A handyman hired by a North Idaho lawyer to kill his wife was sentenced today to 27 months in prison for an explosive device he strapped to the intended victim’s car.
Larry Fairfax, 50, never told investigators about the pipe bomb when he said he’d been hired by Edgar Steele and agreed to secretly record conversations about the plot for the FBI, which led to Steele’s arrest June 11.
Fairfax was arrested June 15 after Coeur d’Alene auto shop workers found the 12-inch bomb when Cyndi Steele arrived for a routine oil check.
He told the FBI he’d put the device on the car in late May to make Edgar Steele think the plan was proceeding but that he rigged the device so it couldn’t explode.
But bomb experts testified at Steele’s murder-for-hire trial in Boise that the device, which was attached to Steele’s car still had lethal capabilities.
Fairfax apologized today in U.S. District Court in Coeur d’Alene as family and friends looked on.
“I’m sorry I went about doing the right thing the wrong way,” Fairfax said.
“In reality, it’s Edgar Steele who caused this grief,” he continued. “For if it weren’t for Mr. Steele’s plans, none of us would have been here now.”
But he also said his placement of the pipe bomb and his decision not to tell investigators about it was wrong, too.
“I know what I did was wrong and careless, and I’m the only one to blame,” Fairfax said.
Fairfax, a married father of two who grew up in Spokane before moving to North Idaho, pleaded guilty last October to possession of an unregistered firearm and to making a firearm in violation of the National Firearms Act in a plea agreement that called for him to testify against Steele and for prosecutors to not file additional charges.
A jury in Boise convicted Steele last Thursday of four federal felonies related to the murder plot. He faces at least 30 years in prison when he’s sentenced Aug. 22.
Assistant U.S. Attorney Traci Whelan asked for Fairfax to receive 30 months in prison. His lawyer, John Miller, asked Judge B. Lynn Winmill allow Fairfax to leave jail with credit for 11 months already served. He said Fairfax had “horrible methods” but “correct motives” because he never intended to harm Cyndi Steele and helped arrest her husband.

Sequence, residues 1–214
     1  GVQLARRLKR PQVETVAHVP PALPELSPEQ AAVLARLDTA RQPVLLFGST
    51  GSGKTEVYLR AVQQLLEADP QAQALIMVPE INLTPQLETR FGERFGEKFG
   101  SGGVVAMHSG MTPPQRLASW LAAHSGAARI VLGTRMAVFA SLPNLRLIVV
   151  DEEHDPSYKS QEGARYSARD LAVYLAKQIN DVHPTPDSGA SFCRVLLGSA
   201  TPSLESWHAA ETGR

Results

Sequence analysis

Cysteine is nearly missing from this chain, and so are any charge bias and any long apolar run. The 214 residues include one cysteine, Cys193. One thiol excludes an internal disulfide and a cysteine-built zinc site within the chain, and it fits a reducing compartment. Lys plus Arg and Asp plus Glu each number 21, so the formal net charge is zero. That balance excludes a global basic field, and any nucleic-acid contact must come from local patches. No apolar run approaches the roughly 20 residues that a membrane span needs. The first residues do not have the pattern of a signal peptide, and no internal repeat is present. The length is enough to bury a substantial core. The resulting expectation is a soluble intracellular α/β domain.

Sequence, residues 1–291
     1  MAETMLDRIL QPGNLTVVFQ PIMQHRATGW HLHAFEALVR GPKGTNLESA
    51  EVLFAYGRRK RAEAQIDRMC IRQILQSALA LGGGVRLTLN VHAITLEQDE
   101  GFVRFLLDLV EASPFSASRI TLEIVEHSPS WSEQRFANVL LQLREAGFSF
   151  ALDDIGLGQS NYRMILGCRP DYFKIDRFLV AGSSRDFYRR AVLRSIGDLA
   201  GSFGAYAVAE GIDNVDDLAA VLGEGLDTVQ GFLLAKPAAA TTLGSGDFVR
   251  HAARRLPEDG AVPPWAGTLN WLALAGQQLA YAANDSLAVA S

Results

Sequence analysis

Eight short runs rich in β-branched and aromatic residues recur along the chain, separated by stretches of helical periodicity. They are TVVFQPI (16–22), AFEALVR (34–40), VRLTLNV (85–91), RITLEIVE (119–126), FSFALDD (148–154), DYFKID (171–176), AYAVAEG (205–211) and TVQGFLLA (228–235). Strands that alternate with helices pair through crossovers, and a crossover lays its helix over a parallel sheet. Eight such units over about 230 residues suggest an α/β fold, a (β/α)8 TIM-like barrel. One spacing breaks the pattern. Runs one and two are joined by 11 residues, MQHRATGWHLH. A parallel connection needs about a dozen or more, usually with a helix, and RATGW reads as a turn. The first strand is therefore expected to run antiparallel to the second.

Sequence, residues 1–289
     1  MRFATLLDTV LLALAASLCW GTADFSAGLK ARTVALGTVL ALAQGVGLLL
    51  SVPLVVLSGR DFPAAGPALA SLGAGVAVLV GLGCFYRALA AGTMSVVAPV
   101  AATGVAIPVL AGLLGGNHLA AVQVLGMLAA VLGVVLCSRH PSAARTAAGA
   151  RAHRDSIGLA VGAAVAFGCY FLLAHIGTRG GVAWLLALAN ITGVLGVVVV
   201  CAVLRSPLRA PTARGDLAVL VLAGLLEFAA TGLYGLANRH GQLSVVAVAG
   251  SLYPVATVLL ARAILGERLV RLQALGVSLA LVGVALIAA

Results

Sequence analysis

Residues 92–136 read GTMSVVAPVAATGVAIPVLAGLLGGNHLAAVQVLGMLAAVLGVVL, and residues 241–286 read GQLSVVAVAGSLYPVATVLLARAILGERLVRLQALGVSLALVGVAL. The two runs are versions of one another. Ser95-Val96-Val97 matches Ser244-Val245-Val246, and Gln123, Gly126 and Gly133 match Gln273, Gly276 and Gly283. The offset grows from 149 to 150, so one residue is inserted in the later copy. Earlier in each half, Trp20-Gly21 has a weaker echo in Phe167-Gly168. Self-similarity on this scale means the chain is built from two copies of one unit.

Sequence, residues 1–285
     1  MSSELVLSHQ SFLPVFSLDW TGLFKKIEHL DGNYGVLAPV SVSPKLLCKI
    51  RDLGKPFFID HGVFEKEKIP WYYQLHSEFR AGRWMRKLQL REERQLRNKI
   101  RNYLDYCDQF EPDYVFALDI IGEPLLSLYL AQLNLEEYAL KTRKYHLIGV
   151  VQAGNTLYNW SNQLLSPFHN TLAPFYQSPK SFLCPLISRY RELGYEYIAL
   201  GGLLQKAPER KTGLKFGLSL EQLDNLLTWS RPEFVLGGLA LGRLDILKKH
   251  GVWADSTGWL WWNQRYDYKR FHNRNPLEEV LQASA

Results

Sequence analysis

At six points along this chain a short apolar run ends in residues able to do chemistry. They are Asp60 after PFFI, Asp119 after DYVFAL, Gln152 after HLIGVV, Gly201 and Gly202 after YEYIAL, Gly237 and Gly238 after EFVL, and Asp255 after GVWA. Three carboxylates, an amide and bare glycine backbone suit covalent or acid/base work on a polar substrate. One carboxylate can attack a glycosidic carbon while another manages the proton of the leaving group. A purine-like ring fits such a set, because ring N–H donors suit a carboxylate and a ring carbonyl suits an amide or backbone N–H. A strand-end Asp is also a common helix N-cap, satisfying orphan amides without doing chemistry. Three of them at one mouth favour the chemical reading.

Winmill said he believes Fairfax likely did not intend to kill Cyndi Steele and only wanted to to obtain the silver from Edgar Steele by lying to him.
He said Fairfax “probably did save Mrs. Steele’s life” and that “in a very odd way” he’s both a hero and anti-hero.
“This was an interesting case, to say the least,” Winmill said.
Fairfax will be credited for 11 months already spent in jail. In addition to 16 more months in prison, Fairfax will be on probation for three years and is to pay $9,690 in restitution to cover the silver he’d accepted from Steele. He’s to pay $1,076 for bomb recovery efforts, $860 for lost business at the Quik Lube and $900 to Cyndi Steele for car costs and other fees.
Before Winmill’s decision, Cyndi Steele called Fairfax “the vilest form of a villain, a parasite on society,” “a cowardly villain” and a true sociopath” and said he deserved no less than life in prison.
She referenced Fairfax’s plans to write a book about the case called “An Act of Defiance,” which her husband’s lawyers said during trial is meant to portray Fairfax as a hero.
“No Larry Fairfax, you are not a hero. What you are is the most evil person I have ever had the displeasure of knowing,” Cyndi Steele said.
Steele said Fairfax’s true motive was to kill her and put her husband in prison to hide his theft of $45,000 in silver. She said “influential people” are protecting him because they share the same interests and said Fairfax helped manufacture the recordings of her husband discussing the plot.
Steele reported the silver missing after her husband’s arrest. Prosecutors obtained records from coin shops that show her husband cashed in about that same amount of silver in April as he prepared for a summer visit to Europe to meet a 25-year-old woman he contacted through an online dating website.
Steele, who says her husband’s correspondence with the woman was part of his research into the Russian mail order bride scam, said she’ll be putting all her effort into her husband’s appeal, then removed her red sweater to reveal her “Free Edgar Steele” T-shirt.
Miller said he and Fairfax “hope that someday (Cyndi Steele) can come to the understanding that his man saved her life.”
He said Fairfax has weathered much slander from Steele’s supporters since his arrest.
“He’s going to be dealing with the slander for a long, long time,” he said. “The blogs are going to be there.”
But Miller said the conspiracy allegations are “just nonsense” and questioned why his client would steal just $45,000 in silver when more than $100,000 was available.
“This man’s actions have probably saved up to 12 lives,” Miller said, referring to Fairfax’s claim that Steele had a list of 12 people he wanted to kill.
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